The petition alleged a good cause of action as against a general demurrer; therefore the court did not err in overruling the general demurrer of the defendant Associated Transports, Inc.
Tatum Greeson sued Associated Transports, Inc., Tobe Holland, and Fred Orvin Holland for damages allegedly caused by the defendant's negligence. The negligence of the defendant Tobe Holland is predicated on the "family-purpose" doctrine, and a discussion of this negligence is not necessary to a disposition of this case. The petition alleged in substance: On March 27, 1954, at about 3:50 o'clock, p. m., the plaintiff was riding as a guest passenger in the front seat of an automobile being driven by the defendant Fred Orvin Holland along U. S. Highway No. 41 at a point about three-tenths of a mile from the City of Calhoun; at said time and place the highway was wet; at all times alleged the plaintiff was a guest passenger in said automobile and had no control over the operation of same; at said time and place the defendant Fred Holland was driving the automobile at a speed of from 65 to 75 miles per hour; the lawful speed applicable at said location was 35 miles per hour; a Ford truck owned by the defendant Associated Transports, Inc., was being driven by one of its servants along said highway approximately 200 feet in front of the automobile being driven by Holland; suddenly and without any advance warning, the driver of the truck applied brakes, violently stopping the truck in front of the speeding automobile in which the plaintiff was riding as a guest passenger; the truck was equipped with a large rear view mirror and the driver thereof failed to make himself acquainted with the fact that Holland's automobile was speeding toward the back end of said truck while he was suddenly stopping the truck; the defendant Holland failed to apply his brakes as soon as the truck began its sudden stop, but waited until he was approximately 100 feet from the truck before applying the brakes of the automobile, and drove the automobile into the rear end of the truck, throwing the plaintiff forward into the dashboard and windshield of the automobile and causing the plaintiff enumerated injuries. The defendant Holland was guilty of the following specified acts of gross negligence: in driving the automobile on a highway at a speed greater than was reasonable and prudent under the conditions, having regard to the actual and potential hazards then existing, in violation of Code 68-1626; in failing to so control the speed of the automobile to the extent necessary to avoid colliding with the truck; in driving at a speed in excess of 60 miles per hour in violation of Code 68-1626 (b) 2; in following the truck more closely than was reasonable and prudent, having due regard for the speed of such vehicle and the traffic upon and the conditions of the highway, in violation of Code 68-1641; in failing to apply the brakes of the automobile in time to avoid striking the truck; in failing to keep a lookout ahead to avoid striking the truck. The defendant Associated Transports, Inc., was negligent in the following particulars: In stopping the truck without first giving an appropriate signal to the driver of the vehicle immediately to the rear of said truck, in violation of Code 68-1647 (c); in bringing said truck to a sudden and violent stop at said time and place without advance warning; in failing to anticipate that the defendant Holland would violate the law when it was itself violating the law; in failing to move said truck out of the way of the oncoming automobile so as to avoid the collision, although it was either actually aware or could have by the slightest degree of care made itself aware of the conduct of the defendant Holland by the use of the rear view mirror on its truck. The aforesaid acts of negligence on the part of the defendants were concurrent and were the direct and proximate cause of the plaintiff's injuries.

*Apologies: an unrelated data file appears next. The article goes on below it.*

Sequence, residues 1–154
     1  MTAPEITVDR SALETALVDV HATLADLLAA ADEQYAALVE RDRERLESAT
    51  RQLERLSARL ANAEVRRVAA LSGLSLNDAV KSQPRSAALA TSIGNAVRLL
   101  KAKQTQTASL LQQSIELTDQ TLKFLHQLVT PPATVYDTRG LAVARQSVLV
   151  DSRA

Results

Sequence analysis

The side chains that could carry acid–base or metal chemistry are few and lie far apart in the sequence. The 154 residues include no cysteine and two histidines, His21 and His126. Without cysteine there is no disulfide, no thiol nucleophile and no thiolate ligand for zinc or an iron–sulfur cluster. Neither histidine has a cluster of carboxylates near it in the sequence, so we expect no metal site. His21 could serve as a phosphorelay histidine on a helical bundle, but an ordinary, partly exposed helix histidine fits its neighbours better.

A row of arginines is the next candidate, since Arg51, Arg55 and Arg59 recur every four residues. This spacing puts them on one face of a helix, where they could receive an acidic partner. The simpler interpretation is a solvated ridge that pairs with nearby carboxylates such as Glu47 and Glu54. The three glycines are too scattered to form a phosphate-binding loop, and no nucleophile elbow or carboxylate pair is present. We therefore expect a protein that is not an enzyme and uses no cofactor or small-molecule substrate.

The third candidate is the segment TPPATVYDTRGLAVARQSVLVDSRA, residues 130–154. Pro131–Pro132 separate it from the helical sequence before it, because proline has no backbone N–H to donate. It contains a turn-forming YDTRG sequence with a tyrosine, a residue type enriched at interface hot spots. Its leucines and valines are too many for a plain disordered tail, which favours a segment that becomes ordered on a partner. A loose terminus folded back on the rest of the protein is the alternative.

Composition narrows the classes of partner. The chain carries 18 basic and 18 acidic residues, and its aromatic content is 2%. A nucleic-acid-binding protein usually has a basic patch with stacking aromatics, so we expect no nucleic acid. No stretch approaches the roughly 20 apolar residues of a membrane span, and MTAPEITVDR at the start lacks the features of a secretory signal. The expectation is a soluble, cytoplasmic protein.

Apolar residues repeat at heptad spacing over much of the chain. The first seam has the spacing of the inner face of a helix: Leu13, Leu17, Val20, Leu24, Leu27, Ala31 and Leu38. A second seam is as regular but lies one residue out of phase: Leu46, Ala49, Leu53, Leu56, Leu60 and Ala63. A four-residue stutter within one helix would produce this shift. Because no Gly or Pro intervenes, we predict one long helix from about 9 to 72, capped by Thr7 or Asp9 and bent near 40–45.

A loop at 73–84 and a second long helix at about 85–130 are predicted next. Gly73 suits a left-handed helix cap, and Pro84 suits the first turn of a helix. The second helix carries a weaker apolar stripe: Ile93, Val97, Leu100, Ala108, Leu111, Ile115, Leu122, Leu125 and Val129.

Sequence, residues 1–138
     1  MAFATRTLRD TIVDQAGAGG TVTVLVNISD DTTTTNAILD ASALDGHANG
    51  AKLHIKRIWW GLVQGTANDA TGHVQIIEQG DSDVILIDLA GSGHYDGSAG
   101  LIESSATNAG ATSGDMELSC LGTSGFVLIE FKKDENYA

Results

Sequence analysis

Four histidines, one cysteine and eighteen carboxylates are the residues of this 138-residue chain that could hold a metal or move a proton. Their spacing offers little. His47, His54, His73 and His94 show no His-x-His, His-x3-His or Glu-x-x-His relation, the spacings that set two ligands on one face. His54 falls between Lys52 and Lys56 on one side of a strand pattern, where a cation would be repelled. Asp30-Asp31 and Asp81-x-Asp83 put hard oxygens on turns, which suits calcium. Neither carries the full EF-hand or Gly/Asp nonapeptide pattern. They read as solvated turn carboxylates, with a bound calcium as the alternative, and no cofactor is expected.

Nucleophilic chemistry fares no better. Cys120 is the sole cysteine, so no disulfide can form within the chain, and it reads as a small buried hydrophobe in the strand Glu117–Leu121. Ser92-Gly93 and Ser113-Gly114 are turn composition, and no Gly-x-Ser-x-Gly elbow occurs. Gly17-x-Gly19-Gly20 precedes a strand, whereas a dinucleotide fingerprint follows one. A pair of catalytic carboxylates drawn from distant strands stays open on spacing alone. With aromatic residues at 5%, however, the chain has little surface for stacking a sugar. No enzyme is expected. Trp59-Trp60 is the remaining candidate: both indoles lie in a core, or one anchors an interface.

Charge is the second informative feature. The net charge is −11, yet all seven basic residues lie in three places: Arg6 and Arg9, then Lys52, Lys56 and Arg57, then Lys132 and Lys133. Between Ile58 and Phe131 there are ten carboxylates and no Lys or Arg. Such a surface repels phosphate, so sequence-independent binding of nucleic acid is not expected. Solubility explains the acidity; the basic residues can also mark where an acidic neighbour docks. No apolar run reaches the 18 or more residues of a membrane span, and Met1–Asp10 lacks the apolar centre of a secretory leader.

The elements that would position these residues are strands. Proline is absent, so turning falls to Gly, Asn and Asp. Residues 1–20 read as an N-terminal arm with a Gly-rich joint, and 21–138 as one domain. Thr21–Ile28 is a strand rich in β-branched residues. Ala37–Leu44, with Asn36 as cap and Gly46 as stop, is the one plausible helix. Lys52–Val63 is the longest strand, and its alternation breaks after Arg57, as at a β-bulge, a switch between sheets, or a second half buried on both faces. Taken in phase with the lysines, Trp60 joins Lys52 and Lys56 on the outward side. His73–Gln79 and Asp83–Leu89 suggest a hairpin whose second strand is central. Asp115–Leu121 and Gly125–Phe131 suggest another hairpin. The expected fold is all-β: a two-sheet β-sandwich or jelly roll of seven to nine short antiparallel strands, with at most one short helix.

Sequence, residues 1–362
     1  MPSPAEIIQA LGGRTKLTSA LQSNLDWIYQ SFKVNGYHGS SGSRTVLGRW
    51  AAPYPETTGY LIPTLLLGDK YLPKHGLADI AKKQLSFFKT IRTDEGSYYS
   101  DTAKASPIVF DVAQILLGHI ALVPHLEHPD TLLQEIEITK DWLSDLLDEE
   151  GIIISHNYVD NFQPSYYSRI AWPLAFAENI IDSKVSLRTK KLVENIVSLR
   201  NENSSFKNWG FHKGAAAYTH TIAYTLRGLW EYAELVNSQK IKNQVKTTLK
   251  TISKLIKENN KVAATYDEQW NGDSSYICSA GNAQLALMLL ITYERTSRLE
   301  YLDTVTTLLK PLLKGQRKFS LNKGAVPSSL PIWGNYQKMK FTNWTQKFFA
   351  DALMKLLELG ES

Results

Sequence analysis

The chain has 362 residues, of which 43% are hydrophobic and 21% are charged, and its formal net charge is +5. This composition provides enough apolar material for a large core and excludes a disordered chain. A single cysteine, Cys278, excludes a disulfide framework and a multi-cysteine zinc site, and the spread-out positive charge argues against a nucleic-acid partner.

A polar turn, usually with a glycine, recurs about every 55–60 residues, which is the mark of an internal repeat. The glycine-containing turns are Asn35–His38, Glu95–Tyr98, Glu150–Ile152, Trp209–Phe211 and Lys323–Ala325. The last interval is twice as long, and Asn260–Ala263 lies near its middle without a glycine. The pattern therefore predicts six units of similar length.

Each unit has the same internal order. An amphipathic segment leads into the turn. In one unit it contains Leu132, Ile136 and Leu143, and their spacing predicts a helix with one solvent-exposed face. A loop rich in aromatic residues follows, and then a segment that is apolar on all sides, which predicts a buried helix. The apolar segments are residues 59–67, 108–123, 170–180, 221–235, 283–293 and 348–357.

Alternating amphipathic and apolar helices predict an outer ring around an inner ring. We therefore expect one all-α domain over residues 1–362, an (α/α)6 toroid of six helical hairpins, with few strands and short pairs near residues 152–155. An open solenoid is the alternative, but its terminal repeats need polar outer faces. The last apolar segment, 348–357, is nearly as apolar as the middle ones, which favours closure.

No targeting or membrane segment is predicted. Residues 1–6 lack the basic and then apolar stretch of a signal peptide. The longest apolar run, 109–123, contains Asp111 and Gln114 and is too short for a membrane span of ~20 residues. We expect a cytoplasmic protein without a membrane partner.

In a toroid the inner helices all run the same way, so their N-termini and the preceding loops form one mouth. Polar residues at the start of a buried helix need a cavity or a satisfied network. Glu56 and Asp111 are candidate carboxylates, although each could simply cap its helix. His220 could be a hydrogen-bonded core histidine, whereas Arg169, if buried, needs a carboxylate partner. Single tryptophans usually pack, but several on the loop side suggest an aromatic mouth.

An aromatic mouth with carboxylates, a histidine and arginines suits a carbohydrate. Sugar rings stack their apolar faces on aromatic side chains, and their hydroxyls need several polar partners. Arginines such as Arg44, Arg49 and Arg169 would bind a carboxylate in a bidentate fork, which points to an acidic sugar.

The general demurrer of the defendant Associated Transports, Inc. was overruled, and it excepts.
Blum, 80 Ga. App. 618 (57 S. E. 2d 18). It can not be said as a matter of law that the sudden and "violent" stopping of the truck without the giving of proper signals was not negligence, or that such did not combine naturally and directly with the negligence of the host driver to produce the injuries sued for. See A. C. L. R. Co. v. Coxwell, supra, (2). Whether, under the circumstances, the failure to give a signal amounts to common-law negligence, and whether, if such amounts to negligence, that negligence combined with that of the host driver to produce the injuries, are, in this case, questions which must be resolved by a jury. The plaintiff in error contends that he petition shows that the host driver saw the truck stopping when the automobile was 200 feet to the rear of the truck, but that the host driver did not attempt to stop until he was within 100 feet of the rear of the truck. The petition is not subject to such a construction.
The petition alleged a cause of action against the defendant Associated Transports, Inc.; therefore the court did not err in overruling the general demurrer.
Judgment affirmed. Quillian and Nichols, JJ., concur.